Thanks so much for your prayers, Fr. David. We need them! To the best of my knowledge, there is no formal or official interdenominational network of Divine Mercy outreach. Perhaps the Holy Spirit will inspire you to start one! Again, from the Catholic side, I can see no reason that Catholics could not participate in such an Anglican and Eastern Orthodox fellowship of prayer, united around the chaplet, in good conscience.

Still, our readers may want to know: What about other non-Catholic Christians? Can, say, evangelicals and other Protestant Christians say the chaplet with us? Should we invite them to do so?

Well, it's a bit like inviting them to say the Rosary with us. There is nothing wrong with issuing the invitation, if you make it clear that they are welcome to join us in the Rosary or chaplet to the extent that it does not violate their beliefs and their conscience in doing so. Some may be willing to do so and may simply meditate on the mysteries and skip saying the "Hail Marys" and the "Hail Holy Queen" (since they do not believe in invoking the saints in heaven to pray for us). Most will decline the invitation to the Rosary because there is just too much Marian devotion in it for them to be comfortable with and to recite with us with a sincere heart.

The same with the chaplet. They certainly share with us the belief that Jesus died for the sins of the whole world. But when they hear the words "I offer You the Body and Blood, Soul and Divinity of Your Dearly Beloved Son, in atonement for our sins" etc., if they are paying attention, and if they are well instructed in their faith, they will wonder, "Why in the world do I need to do that? After all, Jesus died for my sins and I am already saved" (see a previous column on how we are "saved" by Divine Mercy). So, there is nothing wrong with inviting them to take part in our prayers to the extent that their own beliefs will permit, but just be sure to make it clear to them, if they are newcomers to the chaplet, that it includes beliefs about the Eucharist that they may not share. Such a warning is only common courtesy.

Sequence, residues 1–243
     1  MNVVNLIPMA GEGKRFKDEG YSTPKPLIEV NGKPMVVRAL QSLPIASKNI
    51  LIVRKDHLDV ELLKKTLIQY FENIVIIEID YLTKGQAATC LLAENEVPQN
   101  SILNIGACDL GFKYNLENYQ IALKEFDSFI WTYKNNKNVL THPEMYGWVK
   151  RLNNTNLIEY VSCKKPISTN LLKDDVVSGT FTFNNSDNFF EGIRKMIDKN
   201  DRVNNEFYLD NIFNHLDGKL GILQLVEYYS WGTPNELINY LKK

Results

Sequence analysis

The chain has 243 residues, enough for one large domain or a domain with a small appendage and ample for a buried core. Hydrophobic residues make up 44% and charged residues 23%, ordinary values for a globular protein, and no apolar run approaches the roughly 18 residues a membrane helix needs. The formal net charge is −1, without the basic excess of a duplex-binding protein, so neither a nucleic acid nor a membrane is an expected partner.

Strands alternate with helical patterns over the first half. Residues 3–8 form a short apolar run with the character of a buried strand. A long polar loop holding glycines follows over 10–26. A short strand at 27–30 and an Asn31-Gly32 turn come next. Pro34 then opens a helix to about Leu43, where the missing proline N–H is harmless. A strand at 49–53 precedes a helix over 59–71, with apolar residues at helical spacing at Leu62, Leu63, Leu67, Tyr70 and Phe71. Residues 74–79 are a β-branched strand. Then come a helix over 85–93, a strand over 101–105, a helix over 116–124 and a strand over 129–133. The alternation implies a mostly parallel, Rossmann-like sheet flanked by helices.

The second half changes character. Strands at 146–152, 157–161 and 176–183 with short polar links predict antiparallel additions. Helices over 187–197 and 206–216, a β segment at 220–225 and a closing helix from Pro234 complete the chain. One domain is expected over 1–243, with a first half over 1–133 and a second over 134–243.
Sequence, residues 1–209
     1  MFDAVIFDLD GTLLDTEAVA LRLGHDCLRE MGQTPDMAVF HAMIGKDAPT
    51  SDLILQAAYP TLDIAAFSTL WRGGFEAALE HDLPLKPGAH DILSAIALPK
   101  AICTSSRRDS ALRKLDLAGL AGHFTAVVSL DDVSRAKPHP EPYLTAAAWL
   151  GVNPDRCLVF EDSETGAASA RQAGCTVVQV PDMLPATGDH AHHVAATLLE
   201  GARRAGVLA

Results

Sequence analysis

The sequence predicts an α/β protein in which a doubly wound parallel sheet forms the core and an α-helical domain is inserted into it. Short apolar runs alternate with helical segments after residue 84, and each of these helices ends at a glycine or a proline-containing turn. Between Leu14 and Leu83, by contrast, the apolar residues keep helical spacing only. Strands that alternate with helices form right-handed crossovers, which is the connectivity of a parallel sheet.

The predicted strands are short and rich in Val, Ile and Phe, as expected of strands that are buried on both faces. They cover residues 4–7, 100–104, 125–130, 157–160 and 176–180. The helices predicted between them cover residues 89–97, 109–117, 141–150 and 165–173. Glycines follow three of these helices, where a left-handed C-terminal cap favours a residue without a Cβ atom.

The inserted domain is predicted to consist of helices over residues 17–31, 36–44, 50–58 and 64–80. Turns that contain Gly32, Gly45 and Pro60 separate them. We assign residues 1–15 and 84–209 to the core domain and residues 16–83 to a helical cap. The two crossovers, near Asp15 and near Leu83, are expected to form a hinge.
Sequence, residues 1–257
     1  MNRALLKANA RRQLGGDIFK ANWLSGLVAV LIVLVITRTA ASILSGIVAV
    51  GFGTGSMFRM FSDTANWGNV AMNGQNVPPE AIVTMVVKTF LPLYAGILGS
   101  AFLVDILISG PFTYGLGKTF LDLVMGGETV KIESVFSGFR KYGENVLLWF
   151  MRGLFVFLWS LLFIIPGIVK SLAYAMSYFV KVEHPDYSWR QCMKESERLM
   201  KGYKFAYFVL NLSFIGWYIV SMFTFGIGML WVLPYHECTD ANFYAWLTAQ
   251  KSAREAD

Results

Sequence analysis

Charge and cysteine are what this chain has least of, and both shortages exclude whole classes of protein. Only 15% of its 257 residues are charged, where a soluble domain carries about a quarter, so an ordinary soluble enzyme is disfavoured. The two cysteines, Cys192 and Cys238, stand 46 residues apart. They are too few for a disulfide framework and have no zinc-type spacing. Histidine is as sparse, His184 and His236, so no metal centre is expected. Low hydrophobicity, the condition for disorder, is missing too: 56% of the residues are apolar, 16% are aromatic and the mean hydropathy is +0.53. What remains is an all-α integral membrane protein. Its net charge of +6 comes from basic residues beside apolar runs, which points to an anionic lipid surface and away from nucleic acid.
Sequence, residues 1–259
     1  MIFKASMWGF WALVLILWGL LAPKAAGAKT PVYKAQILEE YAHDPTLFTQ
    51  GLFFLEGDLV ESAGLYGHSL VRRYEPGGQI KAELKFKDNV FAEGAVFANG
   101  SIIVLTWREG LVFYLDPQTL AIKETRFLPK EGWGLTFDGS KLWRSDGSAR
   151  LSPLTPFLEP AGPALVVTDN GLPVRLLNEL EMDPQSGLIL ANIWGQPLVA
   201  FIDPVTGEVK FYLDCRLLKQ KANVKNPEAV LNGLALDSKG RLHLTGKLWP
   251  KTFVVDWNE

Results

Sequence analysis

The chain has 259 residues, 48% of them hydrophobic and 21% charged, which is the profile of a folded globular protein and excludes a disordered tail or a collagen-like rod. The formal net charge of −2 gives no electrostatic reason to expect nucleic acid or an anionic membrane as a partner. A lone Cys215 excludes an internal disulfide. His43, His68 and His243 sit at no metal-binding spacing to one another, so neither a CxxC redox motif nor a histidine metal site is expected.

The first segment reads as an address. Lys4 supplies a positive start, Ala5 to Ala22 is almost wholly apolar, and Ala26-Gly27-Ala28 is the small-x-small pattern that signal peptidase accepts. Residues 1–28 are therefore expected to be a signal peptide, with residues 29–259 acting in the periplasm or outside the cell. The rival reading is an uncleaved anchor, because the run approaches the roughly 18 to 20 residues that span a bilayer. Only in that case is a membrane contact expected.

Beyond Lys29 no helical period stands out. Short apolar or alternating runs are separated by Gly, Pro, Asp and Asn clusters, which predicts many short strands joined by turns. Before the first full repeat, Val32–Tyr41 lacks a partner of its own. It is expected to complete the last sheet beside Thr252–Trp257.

A better way to draw Evangelical Protestants deeper into The Divine Mercy is to give them a prayercard with the image of The Divine Mercy on it. There are even storefront Baptist churches in the United States, I am told, that use the image as a decoration in their worship space! That stands to reason, for the image is clearly Biblical: It depicts the Risen Christ, giving His blessing, while the streams of blood and water flow out from His breast, as they did from the Cross, according to the gospels. Moreover, the inscription at the bottom of the image, "Jesus, I trust in You!" is the response that all of us, Protestant and Catholic alike, need to make to the personal love of Christ for us: to entrust ourselves completely to that merciful love. The image can be an ecumenical bridge builder in the widest possible sense (except for those Christians who object to having any holy images or sacred art in their churches, or in their prayer life at all). It clearly and simply expresses our common faith in the Merciful Jesus.

Finally, I know that there are occasions when non-Catholic Christians might find themselves drawn into the recitation of the chaplet unexpectedly. For example, around the bedside of a dying Catholic friend or relative as others around them are saying the chaplet, or an uninstructed Protestant or non-believer of some kind might just feel someone or something tugging on his heart to recite this odd-sounding prayer that they found one day on the back of a prayercard. I don't think our Lord is offended by this at all. He is far more concerned about the intention in our hearts when we pray than with whether or not we have fully thought through all our doctrines carefully, or whether we entirely know what all the words mean that we are saying.

The Lord looks on the heart, and anyone who is honestly and sincerely seeking His mercy will surely find it. As He said in the gospels, "I will never turn away anyone who comes to Me" (Jn 6:37).

Robert Stackpole, STD, is director of the John Paul II Institute of Divine Mercy. His latest book is Divine Mercy: A Guide from Genesis to Benedict XVI (Marian Press). Got a question? E-mail him at questions@thedivinemercy.org.